Jude at Deir el Medina

Today Jude went to the workman’s village at Deir el Medina. He loved seeing how the people lived. The houses are next door to each other so the children would have been in and out of each others houses. The little roads are only the width of a donkey. The workman built the tombs of the Pharaohs in the Valley …

Jude goes to the temple of Merenptah

Today Jude went to the temple of Merenptah, he was surprised how small it was compared to the Ramasseum which was built by his father. Then he was told how long Merenptah had to wait to become Pharaoh. He was 60 and the 13th son, no wonder he only built a small temple. Some Egyptologist think he might have been …

Isis Temple at Deir el Shelwit

Michael and I finally went on a visit to the newly restored Isis temple. We had been waiting to see if the ticket was repriced in Egyptian pounds. Sadly it has not been, the reason behind making the ticket price in dollars and accepting no other currency completely escapes me. I would have thought that American tourists or people with …

Donkey Ride over the Ridge

I now know where the expression walking like an Egyptian comes from, who ever first said it had just done the donkey ride over the ridge in Luxor, Egypt. It is an amazing experience following in the steps of the workman that built the tombs on their daily commute from their homes at Deir El Medina to the Valley of …

Mummification Museum, Luxor, Egypt

The museum opened 1997 and gives today’s visitor a detailed idea about the mummification process, the Ancient Egyptian concept of judgement & the afterlife and shows us some objects associated with mummification. The word mummification is derived from Persian word (mummiya) which means bitumen and in Arabic and gives us the word mummification The visit starts with scenes copied from …

A tale of two museums

I  went to the Cairo Museum. I must admit it defeated me. I went round looking at my favourite things but every time they look shabbier and in urgent need of TLC it really disheartens you. The museum was built a long time ago and is in urgent need of some modern display cases above all else. It will be …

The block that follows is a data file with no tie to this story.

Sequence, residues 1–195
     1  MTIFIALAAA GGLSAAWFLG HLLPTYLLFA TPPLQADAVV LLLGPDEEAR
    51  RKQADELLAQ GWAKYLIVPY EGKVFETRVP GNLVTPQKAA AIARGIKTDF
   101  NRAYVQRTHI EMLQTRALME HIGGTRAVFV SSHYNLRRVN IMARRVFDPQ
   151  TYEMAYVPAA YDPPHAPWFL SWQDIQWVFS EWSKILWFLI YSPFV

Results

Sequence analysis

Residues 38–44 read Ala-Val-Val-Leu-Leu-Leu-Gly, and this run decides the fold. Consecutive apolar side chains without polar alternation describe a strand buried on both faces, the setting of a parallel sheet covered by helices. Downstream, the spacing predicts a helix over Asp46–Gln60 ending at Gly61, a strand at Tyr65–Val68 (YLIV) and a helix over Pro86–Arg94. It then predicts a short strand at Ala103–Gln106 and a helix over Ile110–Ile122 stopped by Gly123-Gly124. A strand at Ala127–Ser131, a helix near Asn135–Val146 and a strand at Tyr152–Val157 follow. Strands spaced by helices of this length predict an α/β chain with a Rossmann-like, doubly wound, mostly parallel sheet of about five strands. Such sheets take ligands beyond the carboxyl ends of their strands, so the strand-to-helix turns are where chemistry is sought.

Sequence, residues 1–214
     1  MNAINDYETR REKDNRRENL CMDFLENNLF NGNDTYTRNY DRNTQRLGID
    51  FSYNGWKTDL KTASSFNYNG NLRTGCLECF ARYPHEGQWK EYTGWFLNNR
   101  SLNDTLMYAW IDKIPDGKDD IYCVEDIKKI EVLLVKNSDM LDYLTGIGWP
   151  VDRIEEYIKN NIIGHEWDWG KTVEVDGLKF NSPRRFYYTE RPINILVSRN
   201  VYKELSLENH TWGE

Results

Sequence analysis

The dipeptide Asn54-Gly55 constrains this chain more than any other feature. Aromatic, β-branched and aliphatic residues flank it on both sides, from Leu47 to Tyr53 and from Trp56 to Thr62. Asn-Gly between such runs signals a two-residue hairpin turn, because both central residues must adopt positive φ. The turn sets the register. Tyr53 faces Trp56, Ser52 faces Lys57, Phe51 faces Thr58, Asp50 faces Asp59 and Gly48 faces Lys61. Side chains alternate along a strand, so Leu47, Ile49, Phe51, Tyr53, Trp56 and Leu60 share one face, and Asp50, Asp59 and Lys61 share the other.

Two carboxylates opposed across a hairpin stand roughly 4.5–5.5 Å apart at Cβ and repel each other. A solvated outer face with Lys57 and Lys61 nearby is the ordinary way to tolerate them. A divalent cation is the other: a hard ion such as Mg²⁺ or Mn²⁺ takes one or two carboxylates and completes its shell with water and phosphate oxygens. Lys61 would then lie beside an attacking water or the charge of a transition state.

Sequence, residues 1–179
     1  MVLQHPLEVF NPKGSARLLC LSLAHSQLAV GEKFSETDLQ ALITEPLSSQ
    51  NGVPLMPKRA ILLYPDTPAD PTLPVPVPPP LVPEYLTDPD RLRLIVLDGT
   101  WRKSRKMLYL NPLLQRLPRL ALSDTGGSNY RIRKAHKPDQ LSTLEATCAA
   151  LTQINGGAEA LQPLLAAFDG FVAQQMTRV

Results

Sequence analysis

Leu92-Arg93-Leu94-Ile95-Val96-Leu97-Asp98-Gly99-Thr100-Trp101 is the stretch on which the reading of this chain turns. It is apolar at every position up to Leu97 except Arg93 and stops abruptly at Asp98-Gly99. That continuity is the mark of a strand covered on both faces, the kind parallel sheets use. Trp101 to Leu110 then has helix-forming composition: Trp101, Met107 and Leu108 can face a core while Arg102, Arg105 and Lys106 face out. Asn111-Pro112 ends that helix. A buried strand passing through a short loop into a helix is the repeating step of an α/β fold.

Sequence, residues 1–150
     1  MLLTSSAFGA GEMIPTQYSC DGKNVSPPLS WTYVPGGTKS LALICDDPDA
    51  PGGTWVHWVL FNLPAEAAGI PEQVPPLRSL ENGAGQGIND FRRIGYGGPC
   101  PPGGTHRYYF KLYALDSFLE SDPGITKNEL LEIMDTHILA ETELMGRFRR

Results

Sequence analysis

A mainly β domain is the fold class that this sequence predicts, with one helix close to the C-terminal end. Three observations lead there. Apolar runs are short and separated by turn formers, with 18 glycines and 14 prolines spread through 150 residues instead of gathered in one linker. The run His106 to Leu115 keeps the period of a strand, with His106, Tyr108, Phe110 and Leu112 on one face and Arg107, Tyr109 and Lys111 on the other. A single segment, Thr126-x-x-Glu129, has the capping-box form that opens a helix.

Hidden Karnak – The White Chapel of Senuseret I

Karnak is part of the world largest open air museum, Luxor or Ancient Thebes, home of many Egyptian Gods and Goddesses and built by various Egyptian Pharaohs like Ramses II and Tutankhamen and in my opinion better than the Egyptian pyramids. For many visitors, it’s one of the essential things to do in Luxor. The Ancient Egyptian temple of Karnak …

Luxor Museum

While the size of its collection can’t rival the treasures of Cairo, Luxor Museum is renowned as one of the thoughtfully assembled displays of antiquities in Egypt. Most of its exhibits come from temples and other constructions in the Luxor area. Highlights of the museum include sculptural depictions of Amenhotep III, under whose reign many of Luxor’s temples were built. …

Valley of the Artisans (Deir el-Medina)

Creating the Valley of the Kings was no simple undertaking: a small army of builders, engineers, engravers and other workers was required to carve the dozens of tombs out of sheer rock over the centuries. Naturally they all had to be housed somewhere, ideally not too far away. But it was only with the discovery Valley of the Artisans (or …

Tombs of the Nobles (Valley of the Nobles)

The Tombs of the Nobles (or Valley of the Nobles) may lack the star power of the Valley of the Kings or other Luxor hotspots, but this neglected gem is well worth a visit. This is a cemetery on a rare scale, with hundreds of tombs embedded in the rock, often richly decorated with frescoes depicting the working lives of …